(O’Neill ,no. 4. celebrating his screamer) Credit for both match pictures –
https://www.bing.com/videos/search?q=motherwell+celtic+4-2+1991&docid=608054175345561692&mid=28D753BDA67A030AFA2E28D753BDA67A030AFA2E&view=detail&FORM=VIRE

Dougie Arnott would be named man of the match as only one game would separate Motherwell from a much-needed trophy and as many Motherwell fans would tell you, the rest is history.

Now onto the jersey. Admiral have produced a fans favourite jersey here as not only is it memorable for being a Scottish cup winning jersey but it is also an instant classic due to the pattern moving around the collar to the white and claret stripes breaking up the torso from the sleeves. The darker amber pattern running through the top gives the top depth and helps it shine in the sun which makes it a stunning top.

One thing that makes Motherwell tops so unique is the colours, claret and amber, which they have been using since 1913 as only a handful of teams surprisingly use, with AS Roma and Bradford City AFC being the most notable few.

This warm up top was first showcased as Motherwell lifted the Scottish Cup at the end of the 90-91 season and would be used throughout the well’s 91-92 campaign featuring the S.F.A. Cup Winners embroidery along with Admiral branding on the front, back and zip.


Categories
Club Tops European

Paul Lambert – Borussia Dortmund 96′

Scottish midfielder Paul Lambert grew up in Glasgow where he would sign his first professional contract with St Mirren. Lambert would go on to make over two hundred appearances for St Mirren, helping them lift the Scottish Cup in 1987 before making a switch to Motherwell for £250,000.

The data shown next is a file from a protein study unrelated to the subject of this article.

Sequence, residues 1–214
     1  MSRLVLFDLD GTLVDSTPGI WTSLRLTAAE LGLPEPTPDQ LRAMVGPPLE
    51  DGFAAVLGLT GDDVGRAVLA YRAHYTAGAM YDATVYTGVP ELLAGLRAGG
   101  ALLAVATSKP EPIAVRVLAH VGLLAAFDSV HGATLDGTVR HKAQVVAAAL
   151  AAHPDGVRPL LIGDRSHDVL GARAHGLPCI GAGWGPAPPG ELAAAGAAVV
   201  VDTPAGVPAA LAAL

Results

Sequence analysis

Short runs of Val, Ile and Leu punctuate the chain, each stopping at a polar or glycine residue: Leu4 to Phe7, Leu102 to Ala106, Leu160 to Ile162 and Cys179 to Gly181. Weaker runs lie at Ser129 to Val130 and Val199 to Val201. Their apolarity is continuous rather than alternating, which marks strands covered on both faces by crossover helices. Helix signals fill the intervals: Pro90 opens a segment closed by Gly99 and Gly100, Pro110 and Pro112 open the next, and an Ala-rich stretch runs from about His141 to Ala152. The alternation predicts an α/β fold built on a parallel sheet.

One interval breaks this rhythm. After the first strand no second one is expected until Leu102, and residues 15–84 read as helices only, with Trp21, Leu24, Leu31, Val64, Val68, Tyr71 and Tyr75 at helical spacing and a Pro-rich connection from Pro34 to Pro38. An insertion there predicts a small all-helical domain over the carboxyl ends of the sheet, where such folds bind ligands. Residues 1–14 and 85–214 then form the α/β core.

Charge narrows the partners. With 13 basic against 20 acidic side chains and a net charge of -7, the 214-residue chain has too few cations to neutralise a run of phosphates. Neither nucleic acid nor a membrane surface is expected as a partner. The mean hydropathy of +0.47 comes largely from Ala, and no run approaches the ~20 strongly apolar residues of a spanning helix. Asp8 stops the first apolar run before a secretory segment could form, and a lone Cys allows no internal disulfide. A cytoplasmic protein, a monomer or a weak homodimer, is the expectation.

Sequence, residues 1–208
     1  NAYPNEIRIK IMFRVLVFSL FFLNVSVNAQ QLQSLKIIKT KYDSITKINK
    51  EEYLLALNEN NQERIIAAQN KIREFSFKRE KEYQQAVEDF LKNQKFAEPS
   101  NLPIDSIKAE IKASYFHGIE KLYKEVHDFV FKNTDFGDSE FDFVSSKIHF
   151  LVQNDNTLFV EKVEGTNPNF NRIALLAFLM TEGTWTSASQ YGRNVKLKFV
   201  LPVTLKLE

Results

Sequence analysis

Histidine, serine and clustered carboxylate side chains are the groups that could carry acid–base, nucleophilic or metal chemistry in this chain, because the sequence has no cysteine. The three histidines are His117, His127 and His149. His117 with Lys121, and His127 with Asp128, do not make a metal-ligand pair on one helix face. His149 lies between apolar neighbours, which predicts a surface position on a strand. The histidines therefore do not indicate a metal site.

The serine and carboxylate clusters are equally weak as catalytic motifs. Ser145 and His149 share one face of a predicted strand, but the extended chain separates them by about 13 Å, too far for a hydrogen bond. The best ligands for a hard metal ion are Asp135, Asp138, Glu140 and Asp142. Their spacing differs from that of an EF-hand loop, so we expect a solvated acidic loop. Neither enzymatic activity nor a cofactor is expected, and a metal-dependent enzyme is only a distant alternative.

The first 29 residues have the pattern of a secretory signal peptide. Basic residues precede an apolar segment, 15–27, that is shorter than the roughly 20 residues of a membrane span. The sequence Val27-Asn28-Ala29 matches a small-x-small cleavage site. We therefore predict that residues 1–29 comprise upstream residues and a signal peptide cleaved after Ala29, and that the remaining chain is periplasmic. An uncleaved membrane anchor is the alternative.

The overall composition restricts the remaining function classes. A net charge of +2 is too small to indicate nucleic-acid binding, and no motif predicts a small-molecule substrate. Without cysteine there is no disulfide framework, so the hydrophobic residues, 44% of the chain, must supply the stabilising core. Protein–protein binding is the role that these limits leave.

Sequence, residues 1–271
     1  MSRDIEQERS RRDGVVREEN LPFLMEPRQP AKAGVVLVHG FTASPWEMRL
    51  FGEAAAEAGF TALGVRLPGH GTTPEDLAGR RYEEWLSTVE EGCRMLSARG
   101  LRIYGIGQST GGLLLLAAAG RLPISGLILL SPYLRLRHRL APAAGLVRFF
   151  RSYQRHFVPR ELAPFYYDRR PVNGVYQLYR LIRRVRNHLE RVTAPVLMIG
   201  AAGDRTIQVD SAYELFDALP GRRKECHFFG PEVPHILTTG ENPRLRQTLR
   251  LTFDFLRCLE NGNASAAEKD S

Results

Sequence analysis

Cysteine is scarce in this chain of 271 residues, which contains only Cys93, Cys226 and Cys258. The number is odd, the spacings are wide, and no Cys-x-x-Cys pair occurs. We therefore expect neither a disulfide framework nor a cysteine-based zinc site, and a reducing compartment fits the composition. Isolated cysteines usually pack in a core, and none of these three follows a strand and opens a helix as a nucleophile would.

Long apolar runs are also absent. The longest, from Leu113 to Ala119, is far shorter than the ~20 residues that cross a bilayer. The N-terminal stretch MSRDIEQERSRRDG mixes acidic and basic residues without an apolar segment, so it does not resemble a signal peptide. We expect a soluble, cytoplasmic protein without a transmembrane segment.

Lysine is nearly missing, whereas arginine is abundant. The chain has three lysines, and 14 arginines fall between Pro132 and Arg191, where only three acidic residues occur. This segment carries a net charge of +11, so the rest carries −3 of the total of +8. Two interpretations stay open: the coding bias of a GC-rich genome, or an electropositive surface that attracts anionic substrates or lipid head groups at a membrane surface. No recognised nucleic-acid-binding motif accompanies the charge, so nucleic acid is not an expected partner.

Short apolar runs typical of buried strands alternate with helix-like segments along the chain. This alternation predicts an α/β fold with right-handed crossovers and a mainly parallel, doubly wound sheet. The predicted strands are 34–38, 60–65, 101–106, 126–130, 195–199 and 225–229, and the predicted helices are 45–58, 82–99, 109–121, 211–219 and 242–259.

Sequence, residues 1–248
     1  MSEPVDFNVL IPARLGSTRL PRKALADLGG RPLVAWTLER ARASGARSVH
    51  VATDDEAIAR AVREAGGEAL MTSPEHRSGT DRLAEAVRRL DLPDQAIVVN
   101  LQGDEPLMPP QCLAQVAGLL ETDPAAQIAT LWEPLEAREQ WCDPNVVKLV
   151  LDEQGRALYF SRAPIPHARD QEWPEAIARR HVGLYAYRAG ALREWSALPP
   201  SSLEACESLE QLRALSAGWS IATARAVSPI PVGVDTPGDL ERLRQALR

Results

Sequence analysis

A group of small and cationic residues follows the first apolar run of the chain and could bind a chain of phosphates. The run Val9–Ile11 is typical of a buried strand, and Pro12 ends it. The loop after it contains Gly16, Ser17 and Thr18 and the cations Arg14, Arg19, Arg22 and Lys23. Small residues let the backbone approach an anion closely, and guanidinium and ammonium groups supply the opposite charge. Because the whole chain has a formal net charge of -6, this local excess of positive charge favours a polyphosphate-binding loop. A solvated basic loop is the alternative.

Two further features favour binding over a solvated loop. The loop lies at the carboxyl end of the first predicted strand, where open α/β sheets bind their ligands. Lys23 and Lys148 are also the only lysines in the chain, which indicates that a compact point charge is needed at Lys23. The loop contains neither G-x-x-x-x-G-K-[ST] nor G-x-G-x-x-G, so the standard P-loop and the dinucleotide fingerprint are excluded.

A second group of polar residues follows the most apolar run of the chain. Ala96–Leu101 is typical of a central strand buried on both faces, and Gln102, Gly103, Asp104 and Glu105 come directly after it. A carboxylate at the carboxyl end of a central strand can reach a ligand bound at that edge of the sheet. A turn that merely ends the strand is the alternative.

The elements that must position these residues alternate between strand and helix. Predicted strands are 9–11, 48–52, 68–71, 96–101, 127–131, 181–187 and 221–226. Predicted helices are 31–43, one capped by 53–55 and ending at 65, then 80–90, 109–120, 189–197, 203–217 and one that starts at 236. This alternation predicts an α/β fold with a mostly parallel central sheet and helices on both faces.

In his time at Fir Park, Lambert would make one hundred and three appearances over three seasons with four starts in the 94/95 UEFA Cup, after the Well finished third in the league under Alex McLeish, where they were drawn against Faroese side HB Torshavn and more notably German side Borussia Dortmund.

Lambert would leave Motherwell at the end of his contract in the 95/96 season and move to Borussia Dortmund which would be a massive coup for Die Borussen as they would win the UEFA Champions League, eliminating notable opponents such as Auxerre in the quarter finals, Manchester United in the semi-finals and finally Juventus in the final where Dortmund would lift the trophy after a convincing 3-1 victory.

Credit –
https://www.90min.com/posts/3929891-7-british-players-who-succeeded-when-playing-abroad